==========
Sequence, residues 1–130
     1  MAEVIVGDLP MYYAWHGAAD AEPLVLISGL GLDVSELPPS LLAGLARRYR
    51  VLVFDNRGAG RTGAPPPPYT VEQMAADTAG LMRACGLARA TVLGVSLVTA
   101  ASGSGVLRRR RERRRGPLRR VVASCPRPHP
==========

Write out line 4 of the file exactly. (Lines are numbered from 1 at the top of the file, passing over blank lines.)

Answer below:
   101  ASGSGVLRRR RERRRGPLRR VVASCPRPHP